Andrew Lamb, RN, BSN, is a Cutaneous Lymphoma Clinical Nurse at Huntsman Cancer Institute.
Originally from North Carolina, Lamb moved to Salt Lake City in 2009 to attend the University of Utah, pursuing a Bachelor of Science in Biology, Minor in Chemistry, and competing on the Swimming & Diving Team.
After graduating in 2014, Lamb landed his first job as a medical assistant at Huntsman Cancer Institute (HCI). He worked at HCI for four years before enrolling in the University of Utah College of Nursing's (CON) Prelicensure Baccalaureate Program.
Lamb ended up back at HCI for his nursing Capstone, and after passing the NCLEX in 2020 began working in the same HCI cutaneous oncology specialty clinic where he was once a medical assistant—now as an RN.
Choosing nursing school over medical school
Lamb did not originally intend to become a nurse. It was after he began working in health care that he realized nursing best matched his goals and interests.
“Admittedly, growing up, I never even considered the prospect of becoming a nurse. I lived so much of my early life with blinders on. My sole focus was to go to medical school to become an MD—without any experience in health care to substantiate that desire,” explains Lamb. “I knew I wanted to work in health care and I had a very deep interest in the biological sciences, so becoming a doctor seemed like the perfect fit!”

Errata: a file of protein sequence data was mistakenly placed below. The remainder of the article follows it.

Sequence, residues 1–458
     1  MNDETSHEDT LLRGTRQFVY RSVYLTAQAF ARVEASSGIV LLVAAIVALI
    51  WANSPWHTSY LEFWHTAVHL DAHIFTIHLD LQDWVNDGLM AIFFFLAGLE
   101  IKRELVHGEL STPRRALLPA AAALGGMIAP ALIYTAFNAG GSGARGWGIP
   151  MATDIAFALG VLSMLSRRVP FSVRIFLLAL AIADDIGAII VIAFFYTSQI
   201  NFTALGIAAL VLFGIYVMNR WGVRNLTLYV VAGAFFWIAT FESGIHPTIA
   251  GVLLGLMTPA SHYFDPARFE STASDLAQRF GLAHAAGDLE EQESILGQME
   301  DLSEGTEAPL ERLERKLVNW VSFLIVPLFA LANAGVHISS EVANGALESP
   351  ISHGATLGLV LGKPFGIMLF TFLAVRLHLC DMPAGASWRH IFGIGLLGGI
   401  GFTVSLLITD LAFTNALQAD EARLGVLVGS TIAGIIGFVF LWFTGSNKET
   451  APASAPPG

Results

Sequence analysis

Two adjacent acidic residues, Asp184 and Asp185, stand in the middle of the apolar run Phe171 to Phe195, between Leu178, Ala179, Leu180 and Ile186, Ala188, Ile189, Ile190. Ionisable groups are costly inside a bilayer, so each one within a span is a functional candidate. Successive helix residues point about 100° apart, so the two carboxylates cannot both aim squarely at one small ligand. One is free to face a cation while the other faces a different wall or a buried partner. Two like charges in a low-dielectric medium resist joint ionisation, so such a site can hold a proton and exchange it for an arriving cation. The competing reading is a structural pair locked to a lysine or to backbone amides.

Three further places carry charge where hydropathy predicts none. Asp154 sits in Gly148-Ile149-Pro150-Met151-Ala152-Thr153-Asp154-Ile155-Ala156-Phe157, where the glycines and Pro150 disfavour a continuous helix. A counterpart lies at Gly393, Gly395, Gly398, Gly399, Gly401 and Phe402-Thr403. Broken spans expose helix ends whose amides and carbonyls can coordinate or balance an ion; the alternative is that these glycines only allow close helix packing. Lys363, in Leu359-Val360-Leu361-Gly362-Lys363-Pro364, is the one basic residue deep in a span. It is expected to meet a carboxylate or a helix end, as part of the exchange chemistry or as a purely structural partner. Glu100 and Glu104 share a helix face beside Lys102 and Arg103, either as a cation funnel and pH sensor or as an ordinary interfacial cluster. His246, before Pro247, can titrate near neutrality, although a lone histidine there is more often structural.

“It wasn’t until I started working at Huntsman that I got an in-depth look at the inner workings of the health care system. I had a detailed perspective on the roles of the various health care team-members. It was then that I realized the nursing model of health care resonated most deeply with me,” says Lamb. “I had suddenly discovered that this holistic, whole-person approach to delivering care was what I had been looking for.”
The inspiring field of oncology nursing
Although Lamb was very familiar with HCI, he didn’t intentionally seek out oncology nursing—oncology nursing found him.
“I was initially terrified of working in oncology. I feared it would be so emotionally and mentally taxing working in a field where poor outcomes are not uncommon. What I didn’t understand then was that I NEEDED the field of oncology,” says Lamb. “The patients inspire me—their journeys, stories, trials, tribulations, and victories.”
“I love working in oncology, and I can’t help but feel like this is what I was meant to do. I would never be here if I hadn’t taken a chance on it. Sometimes the things you need most aren’t the things you think you want at the time,” explains Lamb.
Overcoming COVID-19 and cancer in tandem
Halfway through Lamb’s Capstone, the COVID-19 pandemic began, grinding clinical rotations to a halt. CON staff and faculty worked quickly to migrate all educational experiences to an online format.